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Kilimanjaro 5895m mountain focus

Links: Kilimanjaro expeditions or Mountain focus home page

Kilimanjaro: Overview / Machame route / Rongai route / Lemosho route / Safari
September 2006 expedition leaders, Sarah and Kingsley, on the summit.
'Jambo' Swahili for hello…
Mount Kilimanjaro is the highest mountain in Africa and is the tallest freestanding mountain on earth. It is crowned with an everlasting snow-cap which can be seen from hundreds of miles away making it a truly majestic and beautiful mountain. Mount Kilimanjaro is within Kilimanjaro National Park of Tanzania which is situated near the Equator. On a clear day it is possible to observe the curvature of the Earth and to see views as far as the plains of the Masai Mara from the summit of Kilimanjaro.

There are very few other places in the world where you will experience such diversity in climate and vegetation during your ascent and descent and combined with interacting with the locals, the magnificent views undertaking a climb on Kilimanjaro really is an unforgettable experience, one that will stay imprinted within you for many years.
History and background
Kilimanjaro is a dormant volcanic mountain and has three distinct volcanic cones: Kibo the highest at 5,895 metres, Mawenzi at 5,149 metres and Shira the shortest at 4,005 metres. The highest summit "Uhuru Peak" is located on Kibo's crater rim.

Although Mawenzi and Shira are extinct, Kibo is dormant and could erupt again, with the last major eruption being between 150,000 and 200,000 years ago. Several collapses and landslides have occurred on the mountain, of which the most famous one was on the western outer rim of the main summit, Kibo. This area which was formed by lava flow is now known as the "Western Breach".

Tanzania National Parks, and the United Nations Educational, Scientific and Cultural Organisation list the height of Uhuru Peak as 5,895 m (19,341 ft). That height is based on a British Ordnance Survey in 1952, however since then the height has been measured as 5,892 metres (19,331 ft) in 1999, 5,891 metres (19,327 ft) in 2008, and 5,888 metres (19,318 ft) in 2014.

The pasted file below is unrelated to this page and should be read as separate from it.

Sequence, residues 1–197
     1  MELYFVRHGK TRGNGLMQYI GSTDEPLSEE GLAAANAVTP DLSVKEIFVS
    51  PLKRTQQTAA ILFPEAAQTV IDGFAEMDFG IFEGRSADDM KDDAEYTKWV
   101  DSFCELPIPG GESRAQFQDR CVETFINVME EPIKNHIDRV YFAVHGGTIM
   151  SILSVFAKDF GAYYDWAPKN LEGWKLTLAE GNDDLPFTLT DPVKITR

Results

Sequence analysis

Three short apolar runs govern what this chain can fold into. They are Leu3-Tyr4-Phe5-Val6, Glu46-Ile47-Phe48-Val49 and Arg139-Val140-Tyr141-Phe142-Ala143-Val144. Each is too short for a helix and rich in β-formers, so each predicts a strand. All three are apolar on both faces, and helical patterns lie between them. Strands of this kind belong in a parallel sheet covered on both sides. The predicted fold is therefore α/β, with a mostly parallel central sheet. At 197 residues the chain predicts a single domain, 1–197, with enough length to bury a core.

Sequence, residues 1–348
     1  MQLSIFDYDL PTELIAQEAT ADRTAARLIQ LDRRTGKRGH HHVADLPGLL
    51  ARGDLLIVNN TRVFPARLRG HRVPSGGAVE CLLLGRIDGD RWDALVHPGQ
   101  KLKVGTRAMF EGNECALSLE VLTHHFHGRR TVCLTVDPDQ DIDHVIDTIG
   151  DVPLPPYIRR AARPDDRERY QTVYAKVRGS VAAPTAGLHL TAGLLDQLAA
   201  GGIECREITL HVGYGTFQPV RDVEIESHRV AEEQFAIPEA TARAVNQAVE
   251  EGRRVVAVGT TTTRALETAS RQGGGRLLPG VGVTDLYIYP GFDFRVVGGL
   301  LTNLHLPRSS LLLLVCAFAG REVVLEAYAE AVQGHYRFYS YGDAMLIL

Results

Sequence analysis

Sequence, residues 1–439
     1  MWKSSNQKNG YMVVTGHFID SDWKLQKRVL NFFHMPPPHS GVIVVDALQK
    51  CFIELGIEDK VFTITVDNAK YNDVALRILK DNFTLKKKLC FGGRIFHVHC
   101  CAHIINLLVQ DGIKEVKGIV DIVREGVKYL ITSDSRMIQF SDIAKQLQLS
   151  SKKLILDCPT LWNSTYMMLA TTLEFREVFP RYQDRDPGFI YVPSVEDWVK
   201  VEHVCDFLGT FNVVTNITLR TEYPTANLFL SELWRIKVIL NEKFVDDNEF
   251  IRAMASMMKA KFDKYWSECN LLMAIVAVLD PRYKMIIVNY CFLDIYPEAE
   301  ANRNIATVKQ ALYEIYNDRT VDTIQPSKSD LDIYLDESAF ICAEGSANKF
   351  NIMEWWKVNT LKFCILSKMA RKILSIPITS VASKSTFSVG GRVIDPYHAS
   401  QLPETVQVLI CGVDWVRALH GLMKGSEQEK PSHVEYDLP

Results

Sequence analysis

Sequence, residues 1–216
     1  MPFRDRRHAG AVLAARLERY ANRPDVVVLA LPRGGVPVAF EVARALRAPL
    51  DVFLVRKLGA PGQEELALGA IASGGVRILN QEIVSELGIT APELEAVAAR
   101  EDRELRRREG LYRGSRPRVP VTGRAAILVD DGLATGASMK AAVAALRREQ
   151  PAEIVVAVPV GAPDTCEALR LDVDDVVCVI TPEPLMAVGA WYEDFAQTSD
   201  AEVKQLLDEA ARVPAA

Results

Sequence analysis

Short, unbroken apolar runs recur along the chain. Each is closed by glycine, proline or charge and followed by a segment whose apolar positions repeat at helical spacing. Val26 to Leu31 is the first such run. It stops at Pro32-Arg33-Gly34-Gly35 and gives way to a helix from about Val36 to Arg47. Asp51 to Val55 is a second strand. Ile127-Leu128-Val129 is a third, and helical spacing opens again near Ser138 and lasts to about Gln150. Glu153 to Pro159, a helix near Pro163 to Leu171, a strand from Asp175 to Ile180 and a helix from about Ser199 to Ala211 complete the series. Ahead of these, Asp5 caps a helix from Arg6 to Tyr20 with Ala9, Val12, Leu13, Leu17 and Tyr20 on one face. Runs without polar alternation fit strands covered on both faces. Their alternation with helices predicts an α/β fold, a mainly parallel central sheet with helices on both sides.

The summit crater icefields on Kilimanjaro, lit by the sunrise on the summit day
One of the 7 Summits
As the highest mountain in Africa, Mount Kilimanjaro makes up one of the Seven Summits (i.e. highest mountains on each of the seven continents). Climbing the Seven Summits is becoming quite popular with mountaineers and was first achieved on April 30th, 1985 by Richard Bass. The other mountains on the Seven Summits are listed below in height order. Should you be interested you can also climb Elbrus and Aconcagua with us.

Mount Everest - Asia - First ascent 1953 - 8,848 meters
Aconcagua - South America - First ascent 1897 - 6,961 meters
Denali - North America - First ascent 1913 - 6,194 meters
Mount Kilimanjaro - Africa - First ascent 1889 - 5,895 meters
Mount Elbrus - Europe - First ascent 1874 - 5,642 meters
Mount Vinson - Antarctica - First ascent 1966 - 4,892 meters
Mount Kosciuszko - Australia - First ascent 1840 - 2,228 meters
First Successful Summit
The first person recorded to attempt to reach the summit Kilimanjaro (Kibo) was probably Austrian-Hungarian Count Samuel Teleki in 1887. Unfortunately his attempt was not successful due to problems with his ears and was forced to turn back. Another attempt was made by the American naturalist, Dr Abbott, who had primarily come to investigate the fauna and flora of the mountain slopes. Abbott was struck down by illness fairly early on in the climb but his companion, Otto Ehlers of the German East African Company, continued and claimed to have reach 19,680ft (5904m). This was disputed and dismissed by others, especially as the height he claimed to have reached a summit level that is at least 8 metres above the highest point on the mountain.

Although they didn't summit themselves, both Teleki and Abbott, played a part in the success of the eventual conqueror of Kilimanjaro, by Dr Hans Meyer. Following his summit attempt Teleki provided information about the ascent to Meyer; and Abbott provided accommodation in Moshi for Meyer and his party during their successful expedition of 1889.